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US$3.1bn for state energy efficiency programs - Just one catch

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The American Recovery and Reinvestment Act promises to advance the US energy efficiency movement with an unprecedented US$26 billion infusion of funds. Of that, US$3.1 billion goes to state energy efficiency programs through the Department of Energy’s State Energy Program. Great news, right? Maybe not, says the Electricity Consumers Resource Council (ELCON) and the National Association of Regulatory Utility Commissioners (NARUC). To receive the federal stimulus money, states must agree to set up financial incentives that encourage utilities to pursue energy efficiency programs. ELCON and NARUC fear that this promotes a “one-size-fits-all” approach to the administration of energy efficiency programs. In particular, they are concerned that these stimulus funds will sway states to implement revenue decoupling at the expense of developing a more unbiased energy efficiency program plan.

Revenue decoupling is a ratemaking mechanism that breaks the link between a utility’s revenues and energy sales. Since utilities normally profit from selling energy, it’s not in their best interest to push efficiency. Doing so reduces demand for their product. Revenue decoupling counters this problem by allowing utilities to earn a fair rate of return, and sometimes additional financial incentives, on energy efficiency programs. Decoupling has become a common way to align utility financial interests with state efforts to achieve greater energy efficiency.

The debate over revenue decoupling is central to discussion over what makes an energy efficiency program effective. Ratepayers measure success based on how much money they save. And how much money they save may depend on who runs the program.

Utilities, state agencies, third party non-profit organizations, or some combination of the three typically administer efficiency initiatives. Each state shapes its own approach. No one program design seems to be the most effective. Many highly regarded programs differ greatly from one another. But the best programs share one commonality: They are tailored to the unique policies and economic profile of the state and are based on input from a variety of stakeholders.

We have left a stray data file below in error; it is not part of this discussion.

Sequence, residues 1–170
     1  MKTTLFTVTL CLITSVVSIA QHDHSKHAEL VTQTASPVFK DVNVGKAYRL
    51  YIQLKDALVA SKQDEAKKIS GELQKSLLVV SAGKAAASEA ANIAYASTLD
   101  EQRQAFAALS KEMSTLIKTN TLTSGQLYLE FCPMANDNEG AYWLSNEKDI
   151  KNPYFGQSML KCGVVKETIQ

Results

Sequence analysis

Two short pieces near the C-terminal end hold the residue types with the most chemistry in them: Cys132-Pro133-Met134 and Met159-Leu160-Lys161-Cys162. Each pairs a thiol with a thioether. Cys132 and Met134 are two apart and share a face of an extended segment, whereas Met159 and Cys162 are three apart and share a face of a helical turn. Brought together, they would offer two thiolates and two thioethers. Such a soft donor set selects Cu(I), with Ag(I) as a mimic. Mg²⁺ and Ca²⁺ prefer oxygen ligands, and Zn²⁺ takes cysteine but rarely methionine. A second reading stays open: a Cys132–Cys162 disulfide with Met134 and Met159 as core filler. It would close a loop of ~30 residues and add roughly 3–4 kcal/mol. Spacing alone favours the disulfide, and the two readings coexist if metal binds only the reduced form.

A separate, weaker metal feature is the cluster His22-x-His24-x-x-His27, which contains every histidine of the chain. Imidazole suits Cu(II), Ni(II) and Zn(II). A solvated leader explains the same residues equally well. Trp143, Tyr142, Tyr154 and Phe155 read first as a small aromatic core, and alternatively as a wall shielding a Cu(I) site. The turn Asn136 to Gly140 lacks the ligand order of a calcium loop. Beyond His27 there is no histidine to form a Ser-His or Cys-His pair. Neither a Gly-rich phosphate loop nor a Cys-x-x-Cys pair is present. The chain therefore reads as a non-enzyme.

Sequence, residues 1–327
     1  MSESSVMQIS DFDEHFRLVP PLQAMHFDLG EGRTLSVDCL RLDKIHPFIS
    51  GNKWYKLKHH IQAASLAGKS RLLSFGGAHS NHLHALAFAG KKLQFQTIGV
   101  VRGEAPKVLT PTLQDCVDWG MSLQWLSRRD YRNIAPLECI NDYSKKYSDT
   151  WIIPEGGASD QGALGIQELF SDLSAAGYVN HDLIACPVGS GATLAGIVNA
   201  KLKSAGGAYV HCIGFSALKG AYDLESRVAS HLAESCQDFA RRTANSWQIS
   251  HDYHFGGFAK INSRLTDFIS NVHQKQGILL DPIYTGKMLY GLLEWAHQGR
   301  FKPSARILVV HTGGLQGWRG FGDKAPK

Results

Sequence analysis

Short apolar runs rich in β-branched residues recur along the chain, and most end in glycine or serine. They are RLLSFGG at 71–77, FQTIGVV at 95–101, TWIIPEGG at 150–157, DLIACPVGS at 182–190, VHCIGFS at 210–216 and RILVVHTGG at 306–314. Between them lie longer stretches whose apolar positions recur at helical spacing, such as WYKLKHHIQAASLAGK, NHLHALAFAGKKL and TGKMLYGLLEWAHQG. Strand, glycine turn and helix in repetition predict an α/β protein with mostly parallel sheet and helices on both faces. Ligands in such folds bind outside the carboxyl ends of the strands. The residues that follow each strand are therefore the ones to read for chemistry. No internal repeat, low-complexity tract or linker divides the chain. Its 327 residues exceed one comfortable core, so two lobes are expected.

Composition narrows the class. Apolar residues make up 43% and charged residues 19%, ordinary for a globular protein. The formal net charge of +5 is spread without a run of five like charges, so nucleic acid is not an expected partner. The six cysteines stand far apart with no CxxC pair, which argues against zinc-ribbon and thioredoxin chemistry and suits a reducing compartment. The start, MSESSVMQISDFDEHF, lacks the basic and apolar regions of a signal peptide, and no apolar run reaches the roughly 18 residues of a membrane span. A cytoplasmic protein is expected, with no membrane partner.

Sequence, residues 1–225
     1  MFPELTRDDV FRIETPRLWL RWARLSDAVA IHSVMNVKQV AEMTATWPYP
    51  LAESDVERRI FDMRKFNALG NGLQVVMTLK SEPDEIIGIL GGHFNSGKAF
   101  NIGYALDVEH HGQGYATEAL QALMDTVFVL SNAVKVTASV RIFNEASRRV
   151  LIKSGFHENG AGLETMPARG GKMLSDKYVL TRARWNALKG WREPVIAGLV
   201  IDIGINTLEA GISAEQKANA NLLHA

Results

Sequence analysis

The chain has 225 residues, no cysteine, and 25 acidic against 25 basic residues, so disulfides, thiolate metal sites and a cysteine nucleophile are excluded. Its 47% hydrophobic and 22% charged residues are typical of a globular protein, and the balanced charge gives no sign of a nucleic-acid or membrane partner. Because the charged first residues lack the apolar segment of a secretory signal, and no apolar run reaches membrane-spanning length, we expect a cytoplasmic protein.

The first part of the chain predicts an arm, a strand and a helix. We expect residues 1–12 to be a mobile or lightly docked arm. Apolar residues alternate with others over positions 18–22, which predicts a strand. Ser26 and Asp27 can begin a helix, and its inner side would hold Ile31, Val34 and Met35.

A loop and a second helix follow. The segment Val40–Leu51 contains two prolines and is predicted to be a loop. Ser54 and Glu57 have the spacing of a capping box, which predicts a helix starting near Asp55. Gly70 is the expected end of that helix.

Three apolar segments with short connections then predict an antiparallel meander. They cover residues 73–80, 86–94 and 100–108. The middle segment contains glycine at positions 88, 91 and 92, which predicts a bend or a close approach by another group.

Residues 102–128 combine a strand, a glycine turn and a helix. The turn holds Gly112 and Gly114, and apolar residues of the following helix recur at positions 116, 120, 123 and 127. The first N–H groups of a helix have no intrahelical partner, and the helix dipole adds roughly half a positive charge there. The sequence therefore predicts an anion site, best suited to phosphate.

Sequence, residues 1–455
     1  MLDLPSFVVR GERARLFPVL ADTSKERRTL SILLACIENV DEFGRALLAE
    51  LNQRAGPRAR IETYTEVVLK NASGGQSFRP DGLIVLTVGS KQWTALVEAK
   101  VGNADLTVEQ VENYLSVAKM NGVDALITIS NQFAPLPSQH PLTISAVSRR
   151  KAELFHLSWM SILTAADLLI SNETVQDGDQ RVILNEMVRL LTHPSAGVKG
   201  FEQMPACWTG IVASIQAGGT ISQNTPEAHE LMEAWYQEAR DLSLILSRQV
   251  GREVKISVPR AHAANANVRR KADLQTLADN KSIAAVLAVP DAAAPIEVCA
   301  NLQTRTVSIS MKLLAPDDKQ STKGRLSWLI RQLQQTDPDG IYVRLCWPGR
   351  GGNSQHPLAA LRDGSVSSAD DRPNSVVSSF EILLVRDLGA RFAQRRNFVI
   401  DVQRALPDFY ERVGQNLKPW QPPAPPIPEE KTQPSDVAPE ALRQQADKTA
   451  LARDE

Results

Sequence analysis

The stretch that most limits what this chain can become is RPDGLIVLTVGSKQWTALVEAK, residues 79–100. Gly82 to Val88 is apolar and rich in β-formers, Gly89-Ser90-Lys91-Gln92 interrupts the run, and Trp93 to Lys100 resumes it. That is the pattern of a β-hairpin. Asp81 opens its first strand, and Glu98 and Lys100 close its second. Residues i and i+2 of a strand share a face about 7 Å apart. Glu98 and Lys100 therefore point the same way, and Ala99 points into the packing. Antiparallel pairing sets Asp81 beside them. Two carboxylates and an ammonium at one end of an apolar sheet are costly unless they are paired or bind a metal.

Critics of the stimulus bill argue that ‘the catch’ – the condition placed upon states before they can receive stimulus money – may stifle such tailoring, hinder development of a state’s full energy efficiency potential, and diminish cost savings. Decoupling creates the foundation for utilities to serve as the primary administrators of efficiency programs. By pushing for revenue decoupling, a state is arguably saying it wants utilities, not a third party non-profit or state agency, to take the lead in developing and administering energy efficiency programs. Therefore, the stimulus bill walks a fine line between encouraging states to implement only utility-administered programs and encouraging them to reform their ratemaking policy so that utilities can, on some level, contribute to the development of a sound energy efficiency program.

Decoupling is somewhat arcane, but ratepayers should be aware of how it may influence their rates as energy efficiency programs evolve.

This is the House Energy and Commerce Committee’s report where the controversial provision can be found on page 26:

To see a breakdown of the stimulus package’s energy efficiency measures, visit:

To learn about and obtain forms for stimulus package energy efficiency tax incentives, visit:

To see how your state’s energy efficiency efforts rank nationally, visit:

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